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SHRM Agrees to Meet With Protest Group Regarding Differences

June 26, 2011
Related Topics: Corporate Culture, Attendance, The HR Profession, Volunteerism, Organizational Culture, Ethics, Latest News
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After months of frustration over ignored invitations to meet about their concerns, a splinter group of former leaders of the Society for Human Resource Management announced at a news conference on June 26 that SHRM’s board of directors has voted to accept the group’s invitation.

Kathryn McKee, a former SHRM board chair and a spokeswoman for the SHRM Members for Transparency, reading from an email sent by Henry Hart, the HR association’s general counsel, said that SHRM hopes to “re-establish a relationship of understanding and respect between the two groups.” She called the surprise development “a miracle.”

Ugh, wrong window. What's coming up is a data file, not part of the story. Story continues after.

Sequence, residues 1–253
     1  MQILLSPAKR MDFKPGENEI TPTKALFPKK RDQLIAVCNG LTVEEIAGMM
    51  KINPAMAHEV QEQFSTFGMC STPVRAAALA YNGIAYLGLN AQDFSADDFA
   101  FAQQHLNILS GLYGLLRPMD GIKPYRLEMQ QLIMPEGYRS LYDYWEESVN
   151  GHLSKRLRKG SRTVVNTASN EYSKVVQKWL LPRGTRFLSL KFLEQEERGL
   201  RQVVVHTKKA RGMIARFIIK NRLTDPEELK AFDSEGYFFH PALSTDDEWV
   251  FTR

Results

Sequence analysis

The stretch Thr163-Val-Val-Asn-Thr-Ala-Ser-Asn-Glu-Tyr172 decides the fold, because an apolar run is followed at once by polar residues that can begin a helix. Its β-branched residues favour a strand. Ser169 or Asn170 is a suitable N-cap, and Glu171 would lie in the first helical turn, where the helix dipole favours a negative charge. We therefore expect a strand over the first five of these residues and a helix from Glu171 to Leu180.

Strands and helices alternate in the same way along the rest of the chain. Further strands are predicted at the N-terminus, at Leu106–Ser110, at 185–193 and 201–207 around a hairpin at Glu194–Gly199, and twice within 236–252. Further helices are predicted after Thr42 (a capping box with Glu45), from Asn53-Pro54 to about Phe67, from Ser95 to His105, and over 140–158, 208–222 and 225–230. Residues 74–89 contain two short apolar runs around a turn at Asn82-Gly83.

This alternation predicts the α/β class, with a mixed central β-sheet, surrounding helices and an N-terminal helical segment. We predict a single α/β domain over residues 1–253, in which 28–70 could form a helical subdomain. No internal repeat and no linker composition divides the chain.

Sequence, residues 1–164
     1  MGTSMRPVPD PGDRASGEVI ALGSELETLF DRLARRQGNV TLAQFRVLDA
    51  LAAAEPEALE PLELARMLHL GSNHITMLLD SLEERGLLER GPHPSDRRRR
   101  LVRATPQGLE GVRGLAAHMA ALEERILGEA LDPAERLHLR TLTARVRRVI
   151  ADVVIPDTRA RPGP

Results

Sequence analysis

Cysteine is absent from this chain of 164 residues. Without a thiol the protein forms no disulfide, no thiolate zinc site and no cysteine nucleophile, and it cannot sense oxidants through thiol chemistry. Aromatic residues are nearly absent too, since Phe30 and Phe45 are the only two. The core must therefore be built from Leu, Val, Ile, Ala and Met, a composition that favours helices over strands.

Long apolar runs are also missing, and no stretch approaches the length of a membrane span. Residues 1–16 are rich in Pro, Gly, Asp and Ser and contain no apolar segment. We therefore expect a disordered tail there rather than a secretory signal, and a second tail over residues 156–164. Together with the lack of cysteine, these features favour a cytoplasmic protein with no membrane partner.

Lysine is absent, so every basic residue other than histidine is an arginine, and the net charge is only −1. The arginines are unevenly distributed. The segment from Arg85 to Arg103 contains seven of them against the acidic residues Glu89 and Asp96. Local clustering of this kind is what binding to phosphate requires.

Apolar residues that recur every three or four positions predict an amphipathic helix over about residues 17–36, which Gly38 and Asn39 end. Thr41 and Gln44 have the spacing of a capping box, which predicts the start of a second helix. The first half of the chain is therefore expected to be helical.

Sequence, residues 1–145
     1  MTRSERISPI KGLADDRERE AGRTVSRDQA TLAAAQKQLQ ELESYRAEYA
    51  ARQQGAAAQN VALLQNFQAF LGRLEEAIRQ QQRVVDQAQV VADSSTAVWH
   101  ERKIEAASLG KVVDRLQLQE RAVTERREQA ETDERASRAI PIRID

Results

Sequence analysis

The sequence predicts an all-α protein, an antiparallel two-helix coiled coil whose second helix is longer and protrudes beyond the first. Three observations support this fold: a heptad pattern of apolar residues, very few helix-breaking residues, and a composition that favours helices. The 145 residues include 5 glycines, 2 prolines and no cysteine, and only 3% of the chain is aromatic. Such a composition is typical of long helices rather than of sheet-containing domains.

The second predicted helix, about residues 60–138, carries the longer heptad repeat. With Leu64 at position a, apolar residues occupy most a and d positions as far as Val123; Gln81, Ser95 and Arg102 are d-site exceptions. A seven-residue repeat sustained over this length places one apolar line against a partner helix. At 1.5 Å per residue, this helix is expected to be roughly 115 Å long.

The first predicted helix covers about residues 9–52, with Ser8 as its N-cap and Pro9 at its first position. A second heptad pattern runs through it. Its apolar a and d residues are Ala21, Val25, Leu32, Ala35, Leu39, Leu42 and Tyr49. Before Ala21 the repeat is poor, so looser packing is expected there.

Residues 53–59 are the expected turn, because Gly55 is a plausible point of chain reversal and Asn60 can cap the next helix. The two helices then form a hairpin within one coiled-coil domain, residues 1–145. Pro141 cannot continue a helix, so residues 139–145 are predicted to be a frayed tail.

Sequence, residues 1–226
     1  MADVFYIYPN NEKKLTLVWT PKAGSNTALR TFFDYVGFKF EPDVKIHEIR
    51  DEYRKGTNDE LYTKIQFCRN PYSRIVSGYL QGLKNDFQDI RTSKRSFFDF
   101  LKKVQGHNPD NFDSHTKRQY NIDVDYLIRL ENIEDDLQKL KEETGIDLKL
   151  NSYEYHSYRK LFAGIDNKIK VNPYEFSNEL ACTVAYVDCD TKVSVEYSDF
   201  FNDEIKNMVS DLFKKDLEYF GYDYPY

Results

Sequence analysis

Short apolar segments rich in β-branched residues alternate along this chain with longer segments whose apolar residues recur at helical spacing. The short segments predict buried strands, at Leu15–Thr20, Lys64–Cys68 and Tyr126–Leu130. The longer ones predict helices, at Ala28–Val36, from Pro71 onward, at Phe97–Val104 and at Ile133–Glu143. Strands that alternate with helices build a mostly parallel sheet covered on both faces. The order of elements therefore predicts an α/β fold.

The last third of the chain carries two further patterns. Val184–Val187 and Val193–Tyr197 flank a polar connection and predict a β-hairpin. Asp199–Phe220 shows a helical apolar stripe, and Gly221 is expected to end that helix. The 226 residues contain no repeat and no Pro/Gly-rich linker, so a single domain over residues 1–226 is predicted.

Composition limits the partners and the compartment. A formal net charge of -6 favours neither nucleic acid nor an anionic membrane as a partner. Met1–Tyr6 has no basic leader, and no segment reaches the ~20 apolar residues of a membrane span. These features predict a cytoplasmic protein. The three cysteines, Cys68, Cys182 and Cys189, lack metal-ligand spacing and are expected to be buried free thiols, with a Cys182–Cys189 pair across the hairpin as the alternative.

“It doesn’t exactly take the wind out of our sails, but it takes us in a new direction,” she said.

The announcement was made across the street from the Las Vegas Convention Center where the world’s largest HR professional association is holding its 63rd annual conference from June 26 to 29.

The transparency group, which formed last year, has a detailed list of grievances against association leaders that includes the SHRM board’s 2005 decision to pay board members an annual honorarium to allow reimbursement for business-class travel for board members. Another key issue is the number of board members without credentials from the HR Certification Institute, which is affiliated with SHRM. Currently, only four of 11 board members have this certification, which is viewed as the industry standard for evaluating human resources practitioners’ expertise.

The transparency group had wanted to force a meeting with the board by launching a push to enlist the support of 10 percent of the SHRM membership, according to the organization’s bylaws, said Gerry Crispin, a transparency group member. He said that he is “almost positive” that the board was unaware of the group’s plans, but added that “it’s nice encouragement for them [the board] to come to our meeting in good faith knowing the alternative.”

SHRM officials were unavailable for comment.

Rita Pyrillis

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